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"Unless you live near a railway, you will not see trains go past your windows"

I've been reading quite a bit of CS Lewis recently - Perelandra, The Weight of Glory, Miracles etc.

Miracles is particularly striking as an apologetic that really gets into the world of those who presuppose that miracles are impossible before even considering the issues and questions and evidence involved. I may post in future on much of the argument which I think I need to re-read several times, but this is from the end of the book:
"You are probably quite right in thinking that you will never see a miracle done: you are probably equally right in thinking that there was a natural explanation of anything in your past life which seemed, at the first glance, to be "rum" or "odd".
God does not shake miracles into nature at random as if from a pepper-caster. They come on great occasions: they are found at the great ganglions of history - not a political or social history, but of that spiritual history which cannot be fully known by men. If your own life does not happen to be near one of those great ganglions, how should you expect to see one? If we were heroic missionaries, apostles, or martyrs, it would be a different matter. But why you or I?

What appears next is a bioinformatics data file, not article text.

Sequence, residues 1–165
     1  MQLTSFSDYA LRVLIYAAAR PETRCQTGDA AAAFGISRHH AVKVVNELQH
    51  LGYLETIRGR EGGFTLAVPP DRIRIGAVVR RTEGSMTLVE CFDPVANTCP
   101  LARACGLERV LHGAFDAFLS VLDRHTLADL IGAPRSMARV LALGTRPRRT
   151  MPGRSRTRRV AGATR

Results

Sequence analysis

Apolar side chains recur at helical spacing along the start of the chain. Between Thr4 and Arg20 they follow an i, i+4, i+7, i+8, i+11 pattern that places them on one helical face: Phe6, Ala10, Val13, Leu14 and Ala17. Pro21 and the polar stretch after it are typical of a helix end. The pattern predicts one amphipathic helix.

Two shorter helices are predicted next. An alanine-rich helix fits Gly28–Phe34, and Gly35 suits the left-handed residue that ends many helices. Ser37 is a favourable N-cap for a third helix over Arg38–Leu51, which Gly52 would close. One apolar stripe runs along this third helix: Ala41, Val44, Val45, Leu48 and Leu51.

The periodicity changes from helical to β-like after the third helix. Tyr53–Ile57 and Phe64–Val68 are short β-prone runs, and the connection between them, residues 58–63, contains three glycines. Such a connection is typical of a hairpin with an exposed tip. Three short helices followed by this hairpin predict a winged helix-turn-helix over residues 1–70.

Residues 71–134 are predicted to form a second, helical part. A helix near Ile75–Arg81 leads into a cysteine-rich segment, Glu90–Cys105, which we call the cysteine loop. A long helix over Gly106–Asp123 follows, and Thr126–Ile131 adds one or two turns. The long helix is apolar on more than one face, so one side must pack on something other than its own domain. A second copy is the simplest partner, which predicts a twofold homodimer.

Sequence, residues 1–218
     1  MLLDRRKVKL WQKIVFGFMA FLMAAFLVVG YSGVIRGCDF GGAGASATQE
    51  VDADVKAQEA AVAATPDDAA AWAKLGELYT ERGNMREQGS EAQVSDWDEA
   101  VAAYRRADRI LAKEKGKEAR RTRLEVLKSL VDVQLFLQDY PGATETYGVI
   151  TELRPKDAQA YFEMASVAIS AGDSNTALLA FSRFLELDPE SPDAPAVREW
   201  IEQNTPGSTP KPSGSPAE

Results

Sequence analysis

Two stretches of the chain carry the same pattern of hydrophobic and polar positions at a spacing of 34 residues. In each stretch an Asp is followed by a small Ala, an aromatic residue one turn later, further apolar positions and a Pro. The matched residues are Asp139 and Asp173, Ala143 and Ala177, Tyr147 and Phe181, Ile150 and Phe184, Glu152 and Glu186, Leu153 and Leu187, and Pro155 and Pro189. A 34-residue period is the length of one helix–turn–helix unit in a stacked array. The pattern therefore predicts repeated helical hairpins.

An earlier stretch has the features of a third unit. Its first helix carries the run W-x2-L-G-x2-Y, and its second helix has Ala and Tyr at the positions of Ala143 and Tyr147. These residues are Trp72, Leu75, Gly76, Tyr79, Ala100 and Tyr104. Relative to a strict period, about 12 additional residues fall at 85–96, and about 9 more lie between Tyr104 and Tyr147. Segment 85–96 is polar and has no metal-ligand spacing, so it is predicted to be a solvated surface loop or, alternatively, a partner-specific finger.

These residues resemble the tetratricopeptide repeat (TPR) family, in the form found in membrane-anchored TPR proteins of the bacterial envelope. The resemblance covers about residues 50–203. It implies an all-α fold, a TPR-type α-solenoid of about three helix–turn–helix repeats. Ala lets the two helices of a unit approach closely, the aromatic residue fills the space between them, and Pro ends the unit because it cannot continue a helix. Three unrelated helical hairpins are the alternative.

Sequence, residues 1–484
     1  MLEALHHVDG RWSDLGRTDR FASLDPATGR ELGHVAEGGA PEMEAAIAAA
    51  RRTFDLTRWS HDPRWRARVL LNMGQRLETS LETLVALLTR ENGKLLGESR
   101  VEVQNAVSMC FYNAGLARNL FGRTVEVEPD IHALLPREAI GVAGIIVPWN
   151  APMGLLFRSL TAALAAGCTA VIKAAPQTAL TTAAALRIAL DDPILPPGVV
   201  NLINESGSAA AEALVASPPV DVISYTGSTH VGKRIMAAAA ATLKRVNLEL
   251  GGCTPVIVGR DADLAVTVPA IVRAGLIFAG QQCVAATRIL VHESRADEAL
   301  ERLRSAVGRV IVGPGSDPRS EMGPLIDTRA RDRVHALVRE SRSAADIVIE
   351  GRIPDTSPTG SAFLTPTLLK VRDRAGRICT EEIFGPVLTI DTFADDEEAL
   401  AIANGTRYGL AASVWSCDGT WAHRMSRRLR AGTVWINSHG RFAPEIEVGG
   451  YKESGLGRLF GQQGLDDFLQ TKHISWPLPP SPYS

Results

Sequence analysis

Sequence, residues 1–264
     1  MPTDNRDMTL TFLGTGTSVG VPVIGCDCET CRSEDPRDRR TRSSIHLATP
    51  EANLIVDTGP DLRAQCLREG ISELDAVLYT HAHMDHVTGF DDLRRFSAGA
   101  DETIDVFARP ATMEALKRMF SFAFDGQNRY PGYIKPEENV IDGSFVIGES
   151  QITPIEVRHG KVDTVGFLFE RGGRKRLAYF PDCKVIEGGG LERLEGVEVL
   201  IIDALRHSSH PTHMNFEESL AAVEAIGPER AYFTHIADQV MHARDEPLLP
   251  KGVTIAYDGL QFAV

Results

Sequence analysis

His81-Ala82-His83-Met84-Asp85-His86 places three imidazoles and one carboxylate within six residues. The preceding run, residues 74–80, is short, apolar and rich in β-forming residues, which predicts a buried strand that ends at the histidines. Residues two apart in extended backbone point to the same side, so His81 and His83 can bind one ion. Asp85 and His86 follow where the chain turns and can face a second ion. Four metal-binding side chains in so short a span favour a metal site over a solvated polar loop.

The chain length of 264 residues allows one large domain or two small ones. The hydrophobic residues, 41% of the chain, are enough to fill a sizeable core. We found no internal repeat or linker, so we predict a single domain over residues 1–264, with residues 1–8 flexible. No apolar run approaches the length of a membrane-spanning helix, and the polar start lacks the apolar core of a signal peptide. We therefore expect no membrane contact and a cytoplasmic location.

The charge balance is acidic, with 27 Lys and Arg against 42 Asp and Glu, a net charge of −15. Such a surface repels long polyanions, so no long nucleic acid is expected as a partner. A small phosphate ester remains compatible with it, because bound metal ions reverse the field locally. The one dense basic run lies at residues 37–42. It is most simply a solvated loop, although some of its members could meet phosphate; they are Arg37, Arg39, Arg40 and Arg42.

Unless you live near a railway, you will not see trains go past your windows. 
How likely is it that you or I will be present when a peace-treaty is signed, when a great scientific discovery is made, when a dictator commits suicide? That we should see a miracle is even less likely... Miracles and martyrdoms tend to bunch about the same areas of history - areas we have naturally no wish to frequent." 
-- CS Lewis, Miracles p171-172. Fontana.
Makes sense. At first glance this reads as a warning that though miracles are entirely 'reasonable' (as he has argued for 170 pages) we're still not to expect them too much. I wonder however whether he's being a bit playful in the way he writes. Playful in a way he'd embrace fully as he turned to write his Narnia books...

In classic Lewis style he draws us in, enough that before we know it the door might just slam behind us... something in us wants to be at those significant moments... the peace-treaty moment... the points of history that really matter... the days of martyrs and miracles.

The arguments are reasonable and thorough, and not just intellectual (though they are that too), but existential - though we opened the book dubious about miraculous occurances, we fold the pages back together actually wanting them to happen... longing to live near a railway, as it were...


  1. I liked Miracles too. But it's definitely one to re-read.

    How did you like Perelandra by the way? And have you read Out of the Silent Planet?


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